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4 May 2012 by Penny Jones - DatacenterDynamics
Yahoo! said it believes 16 patents held by the Internet giant have been used in Facebook’s data centers and servers, according to a regulatory filing made by Facebook.
The social media company alerted the market of its share price for its upcoming IPO, which valued the company between US$85bn and $85bn yesterday. In its document filed with the US Securities and Exchange Commission, however, it sought to alert shareholders of possible risks that could affect the company.
“We received a letter dated April 23, 2012 from Yahoo indicating that they believe 16 patents they claim to hold may be relevant to open source technology they allege is being used in our data centers and servers,” the document said.
“Yahoo has not threatened or initiated litigation with respect to matter described in this letter but it may do so in the future.”
It said Yahoo! had already filed a lawsuit in the US District Court for Northern California alleging a number of Facebook product infringements, in particular 12 patents relating to advertising, social networking, privacy, customization and messaging.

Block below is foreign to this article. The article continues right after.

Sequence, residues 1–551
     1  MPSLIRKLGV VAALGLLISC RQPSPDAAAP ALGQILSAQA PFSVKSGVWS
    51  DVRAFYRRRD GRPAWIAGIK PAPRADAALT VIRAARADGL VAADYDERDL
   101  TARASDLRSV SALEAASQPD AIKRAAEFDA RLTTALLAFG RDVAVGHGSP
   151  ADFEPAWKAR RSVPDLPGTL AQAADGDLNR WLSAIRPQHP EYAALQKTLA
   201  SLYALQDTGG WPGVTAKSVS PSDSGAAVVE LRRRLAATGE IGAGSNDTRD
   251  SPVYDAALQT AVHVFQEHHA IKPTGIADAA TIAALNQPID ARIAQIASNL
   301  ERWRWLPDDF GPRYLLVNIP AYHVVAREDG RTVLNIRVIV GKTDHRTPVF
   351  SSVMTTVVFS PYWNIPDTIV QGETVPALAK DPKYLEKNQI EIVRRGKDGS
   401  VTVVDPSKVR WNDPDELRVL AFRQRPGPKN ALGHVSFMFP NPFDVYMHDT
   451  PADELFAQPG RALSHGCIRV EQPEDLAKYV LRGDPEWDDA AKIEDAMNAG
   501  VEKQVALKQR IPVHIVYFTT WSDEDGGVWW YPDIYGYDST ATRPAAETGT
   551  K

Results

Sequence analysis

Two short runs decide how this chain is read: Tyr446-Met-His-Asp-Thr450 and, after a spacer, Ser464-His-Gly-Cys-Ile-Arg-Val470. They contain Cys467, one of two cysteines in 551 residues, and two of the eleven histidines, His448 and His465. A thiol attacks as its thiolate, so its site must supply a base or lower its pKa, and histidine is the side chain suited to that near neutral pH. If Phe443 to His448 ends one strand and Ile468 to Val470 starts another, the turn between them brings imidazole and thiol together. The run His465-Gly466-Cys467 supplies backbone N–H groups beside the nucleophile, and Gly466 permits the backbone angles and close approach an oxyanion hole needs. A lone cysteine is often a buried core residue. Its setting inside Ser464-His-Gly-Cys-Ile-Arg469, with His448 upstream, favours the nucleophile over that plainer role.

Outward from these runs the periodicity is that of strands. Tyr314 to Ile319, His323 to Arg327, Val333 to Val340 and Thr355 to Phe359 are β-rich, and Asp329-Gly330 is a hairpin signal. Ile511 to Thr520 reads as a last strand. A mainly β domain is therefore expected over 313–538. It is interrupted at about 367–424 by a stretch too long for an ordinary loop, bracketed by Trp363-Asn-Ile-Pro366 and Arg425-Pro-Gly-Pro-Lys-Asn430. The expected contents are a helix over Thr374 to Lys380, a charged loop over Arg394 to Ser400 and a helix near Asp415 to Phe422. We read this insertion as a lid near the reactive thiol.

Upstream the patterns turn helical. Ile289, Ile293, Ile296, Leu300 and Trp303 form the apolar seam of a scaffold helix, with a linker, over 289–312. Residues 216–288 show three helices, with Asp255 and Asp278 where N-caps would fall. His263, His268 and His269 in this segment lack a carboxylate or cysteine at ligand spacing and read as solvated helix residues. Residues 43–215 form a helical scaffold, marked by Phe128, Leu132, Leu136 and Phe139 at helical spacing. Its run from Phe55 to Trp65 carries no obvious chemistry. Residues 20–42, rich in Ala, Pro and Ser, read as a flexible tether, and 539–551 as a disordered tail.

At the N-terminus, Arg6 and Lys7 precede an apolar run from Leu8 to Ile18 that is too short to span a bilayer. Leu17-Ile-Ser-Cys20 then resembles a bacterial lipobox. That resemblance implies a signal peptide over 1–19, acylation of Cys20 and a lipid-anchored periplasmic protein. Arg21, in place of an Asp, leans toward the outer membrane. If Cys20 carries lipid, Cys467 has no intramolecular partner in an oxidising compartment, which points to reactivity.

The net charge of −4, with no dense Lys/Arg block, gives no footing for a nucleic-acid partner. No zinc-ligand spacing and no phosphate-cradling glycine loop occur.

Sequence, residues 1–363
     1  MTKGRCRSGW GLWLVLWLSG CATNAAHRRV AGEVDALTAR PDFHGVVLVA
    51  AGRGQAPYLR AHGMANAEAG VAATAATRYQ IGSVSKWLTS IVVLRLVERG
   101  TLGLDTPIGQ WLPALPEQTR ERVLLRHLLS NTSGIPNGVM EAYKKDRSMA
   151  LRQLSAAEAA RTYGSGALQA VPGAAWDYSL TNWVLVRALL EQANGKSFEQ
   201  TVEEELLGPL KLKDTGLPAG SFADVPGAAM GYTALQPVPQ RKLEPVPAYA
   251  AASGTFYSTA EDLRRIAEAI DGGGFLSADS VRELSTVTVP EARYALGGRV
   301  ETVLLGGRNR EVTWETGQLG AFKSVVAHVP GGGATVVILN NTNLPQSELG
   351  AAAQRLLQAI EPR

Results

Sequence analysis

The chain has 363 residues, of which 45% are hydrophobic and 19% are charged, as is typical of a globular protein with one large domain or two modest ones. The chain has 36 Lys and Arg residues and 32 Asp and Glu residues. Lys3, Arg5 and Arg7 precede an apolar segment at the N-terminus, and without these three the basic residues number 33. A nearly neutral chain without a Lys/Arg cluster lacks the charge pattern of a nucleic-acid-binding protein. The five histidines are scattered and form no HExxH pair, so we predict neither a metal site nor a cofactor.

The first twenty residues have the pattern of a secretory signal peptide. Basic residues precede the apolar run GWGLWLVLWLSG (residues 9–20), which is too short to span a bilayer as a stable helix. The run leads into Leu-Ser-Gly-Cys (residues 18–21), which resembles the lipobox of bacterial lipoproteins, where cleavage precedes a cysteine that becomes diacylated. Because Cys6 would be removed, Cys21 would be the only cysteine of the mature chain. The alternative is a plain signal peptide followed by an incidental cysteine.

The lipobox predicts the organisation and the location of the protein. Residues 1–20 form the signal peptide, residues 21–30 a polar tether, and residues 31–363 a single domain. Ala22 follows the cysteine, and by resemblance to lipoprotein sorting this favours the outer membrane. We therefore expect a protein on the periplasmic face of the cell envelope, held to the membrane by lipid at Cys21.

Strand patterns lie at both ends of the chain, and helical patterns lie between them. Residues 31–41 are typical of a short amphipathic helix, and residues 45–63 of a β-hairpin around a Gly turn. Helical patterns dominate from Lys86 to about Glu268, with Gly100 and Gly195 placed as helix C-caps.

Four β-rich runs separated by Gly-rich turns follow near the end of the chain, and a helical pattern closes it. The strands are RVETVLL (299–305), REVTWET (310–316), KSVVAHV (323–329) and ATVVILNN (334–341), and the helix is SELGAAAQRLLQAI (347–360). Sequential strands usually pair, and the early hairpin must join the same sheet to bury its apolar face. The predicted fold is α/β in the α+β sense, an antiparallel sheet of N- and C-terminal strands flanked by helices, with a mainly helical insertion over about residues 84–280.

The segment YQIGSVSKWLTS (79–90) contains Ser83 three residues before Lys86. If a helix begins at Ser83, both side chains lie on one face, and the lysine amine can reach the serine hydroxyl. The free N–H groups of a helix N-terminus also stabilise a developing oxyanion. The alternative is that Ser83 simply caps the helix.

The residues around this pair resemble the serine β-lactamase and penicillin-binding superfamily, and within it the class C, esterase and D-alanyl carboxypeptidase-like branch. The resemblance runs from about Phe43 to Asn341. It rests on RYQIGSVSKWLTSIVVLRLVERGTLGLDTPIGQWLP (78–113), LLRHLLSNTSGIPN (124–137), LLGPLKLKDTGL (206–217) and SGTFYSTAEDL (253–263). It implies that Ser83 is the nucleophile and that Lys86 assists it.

“We filed our answer with respect to this complaint and asserted counter claims that Yahoo’s products infringe ten of our patents,” Facebook said.
“This litigation is still in its early stages and the final outcome, including our liability, if any, with respect to Yahoo!’s claims, is uncertain.”
Facebook warned any impact could be material to the business, and financial conditions and results of operations at the company could also feel the strain.
Facebook hinted that the number of claims being made against the company in regards to IP is expected to rise.
“We expect the number of patent and other intellectual property claims against us to grow,” Facebook said.
It also warned that some final outcomes have the potential of ending with an injunction for Facebook to cease some or all operations.
Facebook started the Open Compute Project, which aims to share knowledge for the benefit of efficient computing, just over a year ago.
“We decided to honour our hacker roots and challenge convention by custom designing and building our software, servers and data centers from the ground up – and then share these technologies as they evolve,” the Open Compute Website says.
Since then, Open Compute has attracted a number of big data center and technology players to the cause including Rackspace and Red Hat and has showcased technologies including its custom-built servers.
Many in the industry have said the project has the power to revolutionize the way efficient data centers are built.